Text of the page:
Back in the olden days of the early 1980s, “The…
John Egan is a man-sized, child-aged lie detector and has been sending letters to the folks at Guinness Books to share his special skill. He most often gets to test his ability on his moody, big talk-little action father, whose lies end with John Egan getting physically ill. This self-ascribed specialness is John’s single safety pocket in a world where he struggles to find common ground with his father, has a borderline creepy relationship with his mother and his classmates know him as the freak who unleashed his bladder all over his shoes.
MJ Hyland’s novel Carry Me Down is this awesomely uncomfortable and bleak story of John’s life as his brand of peculiarities are about to shift from slightly-strange child to full fledged whack adolescent. And, if the book were about 120 pages longer, I think we’d see even deeper shades of grey that roll over Hyland’s super fascinating imagination.
When the story starts, the family — John’s puppeteer and pun-fun mom, his unemployed father who is always on the cusp of something, and John — are living with his grandmother in Gorey. John has one friend, a fickle kid he has some sexual tingles toward, and his Guinness Books. He studies the art of lie detection, for which he believes he has a knack, and keeps a secret notebook filled with what he has learned and lies he has spotted. He calls this the “Gol of Seil” and he keeps it under his mattress next to some cash he stole from his grandmother after she won at the track.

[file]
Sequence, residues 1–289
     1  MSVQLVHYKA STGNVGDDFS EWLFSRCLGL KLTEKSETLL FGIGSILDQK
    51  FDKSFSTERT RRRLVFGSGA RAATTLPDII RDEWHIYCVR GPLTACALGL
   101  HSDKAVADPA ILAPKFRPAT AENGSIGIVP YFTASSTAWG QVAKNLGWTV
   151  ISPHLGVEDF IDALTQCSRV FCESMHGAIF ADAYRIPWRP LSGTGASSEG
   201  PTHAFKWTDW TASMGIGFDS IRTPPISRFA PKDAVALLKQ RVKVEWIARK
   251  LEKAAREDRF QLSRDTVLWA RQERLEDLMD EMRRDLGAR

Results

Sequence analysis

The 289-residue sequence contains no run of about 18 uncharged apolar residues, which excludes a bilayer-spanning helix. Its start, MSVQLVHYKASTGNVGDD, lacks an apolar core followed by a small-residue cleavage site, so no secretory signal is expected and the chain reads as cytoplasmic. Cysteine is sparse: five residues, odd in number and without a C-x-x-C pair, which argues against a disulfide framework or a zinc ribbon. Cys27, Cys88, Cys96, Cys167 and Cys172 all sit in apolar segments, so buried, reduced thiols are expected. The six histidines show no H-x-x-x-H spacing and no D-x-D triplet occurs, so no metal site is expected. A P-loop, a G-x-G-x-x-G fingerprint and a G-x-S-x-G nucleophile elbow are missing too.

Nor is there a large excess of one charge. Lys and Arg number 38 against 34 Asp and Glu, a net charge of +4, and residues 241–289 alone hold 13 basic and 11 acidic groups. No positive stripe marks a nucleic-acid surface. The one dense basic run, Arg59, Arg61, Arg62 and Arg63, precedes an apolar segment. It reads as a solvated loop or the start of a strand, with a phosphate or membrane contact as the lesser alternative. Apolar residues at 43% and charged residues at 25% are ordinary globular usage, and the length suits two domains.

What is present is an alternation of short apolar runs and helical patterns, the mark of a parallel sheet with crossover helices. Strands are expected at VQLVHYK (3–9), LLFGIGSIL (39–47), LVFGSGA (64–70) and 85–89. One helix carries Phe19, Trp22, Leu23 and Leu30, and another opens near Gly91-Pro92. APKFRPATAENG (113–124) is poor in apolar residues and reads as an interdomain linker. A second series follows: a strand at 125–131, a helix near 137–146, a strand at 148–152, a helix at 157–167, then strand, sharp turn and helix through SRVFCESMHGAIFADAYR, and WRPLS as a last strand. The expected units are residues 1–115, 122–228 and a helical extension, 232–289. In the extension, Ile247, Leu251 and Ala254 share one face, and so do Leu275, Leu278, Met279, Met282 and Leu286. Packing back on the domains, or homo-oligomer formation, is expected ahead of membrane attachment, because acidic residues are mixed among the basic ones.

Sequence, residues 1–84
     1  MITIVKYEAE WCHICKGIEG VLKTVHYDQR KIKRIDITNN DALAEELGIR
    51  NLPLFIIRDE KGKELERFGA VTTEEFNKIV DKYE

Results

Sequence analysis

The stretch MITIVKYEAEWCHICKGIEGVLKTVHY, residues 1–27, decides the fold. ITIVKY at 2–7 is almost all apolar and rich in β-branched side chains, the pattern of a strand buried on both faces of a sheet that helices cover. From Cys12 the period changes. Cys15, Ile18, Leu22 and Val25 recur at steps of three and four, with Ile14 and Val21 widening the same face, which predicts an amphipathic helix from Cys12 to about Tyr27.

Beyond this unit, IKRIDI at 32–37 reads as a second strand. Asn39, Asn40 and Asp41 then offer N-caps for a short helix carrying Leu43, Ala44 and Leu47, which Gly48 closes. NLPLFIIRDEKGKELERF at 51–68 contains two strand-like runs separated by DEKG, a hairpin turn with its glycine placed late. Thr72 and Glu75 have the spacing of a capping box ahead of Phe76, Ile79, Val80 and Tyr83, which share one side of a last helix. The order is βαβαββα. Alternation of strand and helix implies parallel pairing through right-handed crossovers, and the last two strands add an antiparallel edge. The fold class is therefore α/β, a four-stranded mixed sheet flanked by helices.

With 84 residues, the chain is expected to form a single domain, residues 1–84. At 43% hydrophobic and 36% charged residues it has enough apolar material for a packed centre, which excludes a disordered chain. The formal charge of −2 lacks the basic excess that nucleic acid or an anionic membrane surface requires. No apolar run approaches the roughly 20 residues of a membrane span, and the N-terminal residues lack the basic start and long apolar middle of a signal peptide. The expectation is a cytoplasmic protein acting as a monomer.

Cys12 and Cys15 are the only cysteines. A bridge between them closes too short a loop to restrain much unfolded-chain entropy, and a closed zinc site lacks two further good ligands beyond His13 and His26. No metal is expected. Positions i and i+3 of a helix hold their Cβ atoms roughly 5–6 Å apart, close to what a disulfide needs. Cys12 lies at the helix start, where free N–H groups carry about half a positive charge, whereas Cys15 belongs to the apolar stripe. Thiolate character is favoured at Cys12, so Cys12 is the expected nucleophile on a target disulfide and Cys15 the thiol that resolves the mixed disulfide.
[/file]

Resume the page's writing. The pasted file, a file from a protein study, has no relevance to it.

After the public urination incident happens at school, a faux pax he explains away as an attempt to set a urine-holding record, he becomes a target for taunts among his classmates. No matter. Things are about to shift at home and his mom and dad quickly pack up and make for a different city and a different life. They end up in a low-income high rise where the elevator smells like piss and teen-aged thugs make John’s life miserable. Meanwhile, he’s not crazy about the way his mother’s once dynamic personality is shifting into something dull or the way his father seems to be spending time with the suspect ladies in the apartment upstairs.
And then, very suddenly, something not unexpected but still super strange happens that changes everything.
Gah. MJ Hyland is so good at what she does. She takes the simple language of a pre-teen and creates a subtle something that makes things really, really uncomfortable — one of my favorite traits in a writer. I’m totally digging this writer.